Like I said, you don't get tons, but you do grow out those leftovers and can enjoy watching fish get excited chasing  gobbling up larger brine.

For me it's just another project of interest, just to see if I can accomplish it successfully.  I have no real science behind what I do other than common sense. All of which to say is my feeling is growing out brine shrimp is not hard if you follow some simple, reasonable guidelines -- Keep some food suspended in the water via the bubbles. Keep the temp reasonable. Check salinity and top off every now and again.

Oh, and don't over crowd the bucket. Like don't dump that initial thick, dark, orange stream of BBS into that bucket. You want a reasonable amount in there. Whats a reasonable amount? No clue. Less than whats in that thick dark orange stream. I do fine with just use the few left overs swimming around the very top of the BBS water.

I also occasionally replenish their numbers with a drop or two of concentrated BBS taken from the swarm at the bottom of the hatchery, with a pipette. But go easy with that. A few drops from that orange swarm is a lot of shrimp. 

That is a great set up! Thank you so much for the detailed response of how to do it! Once my next hatch is ready,  this is what I am going to do! I do not have micron food but I do have some first bites, would that be okay? 

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25 minutes ago, Bekah said:

That is a great set up! Thank you so much for the detailed response of how to do it! Once my next hatch is ready,  this is what I am going to do! I do not have micron food but I do have some first bites, would that be okay? 

You want the food to be very fine and powdery. Something a teeny tiny filter feeder can handle.

I used Sera micron only because I had some laying around going unused and stale, and because it has spirulina powder in it as a main ingredient.

Spirulina powder supposedly works great for this setup from what I've read on the internet when i started researching this. I just haven't used any yet because I haven't run out of Sera micron.  A container of food goes a loooooong way.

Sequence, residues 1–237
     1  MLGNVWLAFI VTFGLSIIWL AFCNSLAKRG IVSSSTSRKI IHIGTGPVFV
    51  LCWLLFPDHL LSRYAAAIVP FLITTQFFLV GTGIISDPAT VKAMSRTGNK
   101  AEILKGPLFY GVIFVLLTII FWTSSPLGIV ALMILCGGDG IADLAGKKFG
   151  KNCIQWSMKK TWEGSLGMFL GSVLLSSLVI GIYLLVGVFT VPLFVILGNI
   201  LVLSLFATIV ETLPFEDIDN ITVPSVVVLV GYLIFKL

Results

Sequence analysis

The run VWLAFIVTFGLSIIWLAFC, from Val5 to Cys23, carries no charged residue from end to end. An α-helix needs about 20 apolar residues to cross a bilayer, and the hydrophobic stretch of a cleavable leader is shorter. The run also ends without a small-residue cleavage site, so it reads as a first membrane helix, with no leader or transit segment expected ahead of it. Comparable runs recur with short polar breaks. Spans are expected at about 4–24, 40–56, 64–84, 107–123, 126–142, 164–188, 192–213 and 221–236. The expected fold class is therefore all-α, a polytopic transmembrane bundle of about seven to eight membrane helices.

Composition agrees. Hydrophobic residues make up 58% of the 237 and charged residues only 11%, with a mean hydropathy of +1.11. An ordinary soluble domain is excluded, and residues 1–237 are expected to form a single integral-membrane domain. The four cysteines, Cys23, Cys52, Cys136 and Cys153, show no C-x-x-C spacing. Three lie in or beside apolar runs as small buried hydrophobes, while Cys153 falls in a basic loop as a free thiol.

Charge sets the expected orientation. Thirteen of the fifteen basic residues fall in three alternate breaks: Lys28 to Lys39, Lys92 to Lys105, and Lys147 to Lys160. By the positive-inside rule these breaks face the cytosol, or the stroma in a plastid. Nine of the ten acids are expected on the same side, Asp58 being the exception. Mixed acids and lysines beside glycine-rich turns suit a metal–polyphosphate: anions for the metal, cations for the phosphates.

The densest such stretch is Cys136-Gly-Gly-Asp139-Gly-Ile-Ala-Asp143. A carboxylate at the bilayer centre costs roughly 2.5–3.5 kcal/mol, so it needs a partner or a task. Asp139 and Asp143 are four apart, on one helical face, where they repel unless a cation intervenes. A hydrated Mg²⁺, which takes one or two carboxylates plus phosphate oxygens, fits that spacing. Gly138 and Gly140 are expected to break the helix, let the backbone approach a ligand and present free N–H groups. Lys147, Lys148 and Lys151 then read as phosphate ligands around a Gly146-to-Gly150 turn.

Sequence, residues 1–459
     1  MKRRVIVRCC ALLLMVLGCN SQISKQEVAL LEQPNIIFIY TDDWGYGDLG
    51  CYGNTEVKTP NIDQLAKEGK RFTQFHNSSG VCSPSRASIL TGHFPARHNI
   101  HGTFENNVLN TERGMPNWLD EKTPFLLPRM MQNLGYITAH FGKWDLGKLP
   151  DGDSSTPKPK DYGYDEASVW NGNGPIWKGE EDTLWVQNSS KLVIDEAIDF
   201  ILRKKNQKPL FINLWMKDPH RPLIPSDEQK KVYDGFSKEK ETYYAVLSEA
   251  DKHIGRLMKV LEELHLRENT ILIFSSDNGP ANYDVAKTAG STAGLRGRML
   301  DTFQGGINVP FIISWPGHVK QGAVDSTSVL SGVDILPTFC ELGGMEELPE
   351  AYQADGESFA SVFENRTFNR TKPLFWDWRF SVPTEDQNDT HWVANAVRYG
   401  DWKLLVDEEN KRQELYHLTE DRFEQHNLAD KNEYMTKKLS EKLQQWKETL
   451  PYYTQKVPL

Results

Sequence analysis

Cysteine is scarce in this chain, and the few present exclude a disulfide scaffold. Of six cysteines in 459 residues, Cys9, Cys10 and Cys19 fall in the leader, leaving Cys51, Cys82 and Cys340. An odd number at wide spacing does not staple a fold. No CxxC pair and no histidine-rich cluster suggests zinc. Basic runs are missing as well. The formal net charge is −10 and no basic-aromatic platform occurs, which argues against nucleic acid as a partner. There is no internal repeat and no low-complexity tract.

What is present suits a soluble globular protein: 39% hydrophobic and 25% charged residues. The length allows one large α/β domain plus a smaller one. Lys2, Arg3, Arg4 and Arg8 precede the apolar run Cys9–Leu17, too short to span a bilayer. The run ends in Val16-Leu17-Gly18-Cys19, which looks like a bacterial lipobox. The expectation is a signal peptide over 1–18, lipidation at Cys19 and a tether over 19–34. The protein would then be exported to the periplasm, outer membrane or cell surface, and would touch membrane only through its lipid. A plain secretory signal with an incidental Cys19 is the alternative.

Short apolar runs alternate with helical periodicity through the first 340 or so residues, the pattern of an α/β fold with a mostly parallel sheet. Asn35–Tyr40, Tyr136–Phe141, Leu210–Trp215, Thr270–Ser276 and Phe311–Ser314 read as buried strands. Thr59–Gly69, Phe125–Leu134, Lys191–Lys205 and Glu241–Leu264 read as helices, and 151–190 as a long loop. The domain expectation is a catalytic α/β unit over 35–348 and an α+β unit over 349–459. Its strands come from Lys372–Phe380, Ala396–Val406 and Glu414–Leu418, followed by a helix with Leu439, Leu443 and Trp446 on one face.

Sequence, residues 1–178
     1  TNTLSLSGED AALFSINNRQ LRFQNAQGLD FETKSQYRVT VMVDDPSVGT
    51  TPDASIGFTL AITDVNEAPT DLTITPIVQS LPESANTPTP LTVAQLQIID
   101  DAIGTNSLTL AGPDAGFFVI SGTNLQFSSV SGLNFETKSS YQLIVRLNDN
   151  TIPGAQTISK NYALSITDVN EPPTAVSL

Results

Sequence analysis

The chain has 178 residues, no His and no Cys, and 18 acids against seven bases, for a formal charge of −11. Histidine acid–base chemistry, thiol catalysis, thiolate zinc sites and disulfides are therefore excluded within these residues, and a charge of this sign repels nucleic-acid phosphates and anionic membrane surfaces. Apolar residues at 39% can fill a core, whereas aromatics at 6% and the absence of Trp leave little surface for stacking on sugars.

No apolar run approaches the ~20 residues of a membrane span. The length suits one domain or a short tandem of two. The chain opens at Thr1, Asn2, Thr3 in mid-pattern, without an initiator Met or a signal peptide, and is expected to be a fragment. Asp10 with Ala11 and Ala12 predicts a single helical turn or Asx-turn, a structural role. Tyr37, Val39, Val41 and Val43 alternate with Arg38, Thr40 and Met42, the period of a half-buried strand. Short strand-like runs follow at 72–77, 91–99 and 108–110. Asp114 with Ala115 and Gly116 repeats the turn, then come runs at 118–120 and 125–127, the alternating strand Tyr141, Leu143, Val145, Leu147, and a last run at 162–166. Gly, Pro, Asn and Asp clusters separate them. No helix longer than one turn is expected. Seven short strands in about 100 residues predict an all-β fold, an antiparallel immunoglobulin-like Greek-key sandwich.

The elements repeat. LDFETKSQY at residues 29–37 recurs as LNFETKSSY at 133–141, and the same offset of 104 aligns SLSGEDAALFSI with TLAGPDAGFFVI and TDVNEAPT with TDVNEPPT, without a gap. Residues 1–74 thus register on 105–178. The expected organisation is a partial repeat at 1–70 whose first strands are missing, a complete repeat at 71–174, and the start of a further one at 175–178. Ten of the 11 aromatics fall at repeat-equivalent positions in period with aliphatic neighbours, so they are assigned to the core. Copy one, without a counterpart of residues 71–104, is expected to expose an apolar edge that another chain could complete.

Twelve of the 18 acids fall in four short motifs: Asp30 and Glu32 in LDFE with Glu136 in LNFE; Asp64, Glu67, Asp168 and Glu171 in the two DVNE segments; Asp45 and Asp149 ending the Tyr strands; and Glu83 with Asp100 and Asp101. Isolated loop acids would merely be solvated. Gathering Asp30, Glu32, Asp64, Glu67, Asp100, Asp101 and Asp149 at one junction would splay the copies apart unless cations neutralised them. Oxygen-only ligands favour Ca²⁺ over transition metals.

When I feed, I dip a wooden shish-kebab skewer (something else I had laying around in my basement!) into the water a few inches. Then I dip that into the powdered food, getting a nice coating on the stick. After that, I swish the food-covered skewer around in an API test tube full of the bucket water. I then shake that up to dissolve the contents and dump the resulting green liquid into the bubbling bucket.  

Or you could just go the easy route and toss a pinch directly into the bucket!

Edited by tolstoy21
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I would like to add a thought/caveat to what I posted above about my simple brine shrimp grow out setup.

I'm not breeding a ton of fish, so I don't hatch out massive amounts of BBS. And, if I am hatching out on a daily basis, I don't dump every single last bit of left over BBS water into the grow out bucket . . . . so I do actually still rinse some down the drain. Just wanted to clarify that so there’s no confusion.

The reason for this is simply that I want to manage the population in that bucket, and I don't want to inadvertently raise the salinity if I'm not watching the evaporation vs how much salt water I'm adding on top of what's in there. 

So my leftover BBS recycling is not 100%. I reuse as much as I can within my comfort zone for managing a 3 gallon environment and dependent on how much shrimp I harvest from it and at what frequency  

Not to say that dumping every last drop of excess shrimp water wont work, it's just that I haven't played around with that as a scenario yet.

I've seen someone on YouTube who recycled every last bit and keeps his grow out bin going long term. This is his video, and what got me setting mine up.

 

Also, i have vacuumed out the bottom of my bucket, at times. and replenished with fresh salt water (basically a water change), but I'm not sure that's necessary and straining the shrimp from that change water leaves you with a dirty net full of shrimp. Admittedly, I still give that to my fish.

Rather than water change the bucket, I've settled on just harvesting the batches and starting a new one periodically. 

Edited by tolstoy21